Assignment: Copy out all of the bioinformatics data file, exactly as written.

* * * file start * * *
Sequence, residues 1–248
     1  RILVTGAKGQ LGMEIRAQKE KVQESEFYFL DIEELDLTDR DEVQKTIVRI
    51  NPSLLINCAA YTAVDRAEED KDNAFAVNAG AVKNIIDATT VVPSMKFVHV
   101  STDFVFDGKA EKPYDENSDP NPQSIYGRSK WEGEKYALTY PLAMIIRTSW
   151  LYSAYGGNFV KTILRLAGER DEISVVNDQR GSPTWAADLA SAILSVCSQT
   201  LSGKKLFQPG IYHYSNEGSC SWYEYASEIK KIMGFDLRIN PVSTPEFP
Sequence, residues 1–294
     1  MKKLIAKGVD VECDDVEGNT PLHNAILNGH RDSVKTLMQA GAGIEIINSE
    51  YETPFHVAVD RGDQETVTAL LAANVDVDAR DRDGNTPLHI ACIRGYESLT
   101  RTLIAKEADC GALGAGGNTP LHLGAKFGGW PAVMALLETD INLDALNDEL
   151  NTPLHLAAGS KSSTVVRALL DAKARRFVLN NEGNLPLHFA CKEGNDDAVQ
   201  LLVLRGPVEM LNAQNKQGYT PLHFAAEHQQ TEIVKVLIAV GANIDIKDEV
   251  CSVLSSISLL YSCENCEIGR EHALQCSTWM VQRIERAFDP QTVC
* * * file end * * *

Sequence, residues 1–248
     1  RILVTGAKGQ LGMEIRAQKE KVQESEFYFL DIEELDLTDR DEVQKTIVRI
    51  NPSLLINCAA YTAVDRAEED KDNAFAVNAG AVKNIIDATT VVPSMKFVHV
   101  STDFVFDGKA EKPYDENSDP NPQSIYGRSK WEGEKYALTY PLAMIIRTSW
   151  LYSAYGGNFV KTILRLAGER DEISVVNDQR GSPTWAADLA SAILSVCSQT
   201  LSGKKLFQPG IYHYSNEGSC SWYEYASEIK KIMGFDLRIN PVSTPEFP
Sequence, residues 1–294
     1  MKKLIAKGVD VECDDVEGNT PLHNAILNGH RDSVKTLMQA GAGIEIINSE
    51  YETPFHVAVD RGDQETVTAL LAANVDVDAR DRDGNTPLHI ACIRGYESLT
   101  RTLIAKEADC GALGAGGNTP LHLGAKFGGW PAVMALLETD INLDALNDEL
   151  NTPLHLAAGS KSSTVVRALL DAKARRFVLN NEGNLPLHFA CKEGNDDAVQ
   201  LLVLRGPVEM LNAQNKQGYT PLHFAAEHQQ TEIVKVLIAV GANIDIKDEV
   251  CSVLSSISLL YSCENCEIGR EHALQCSTWM VQRIERAFDP QTVC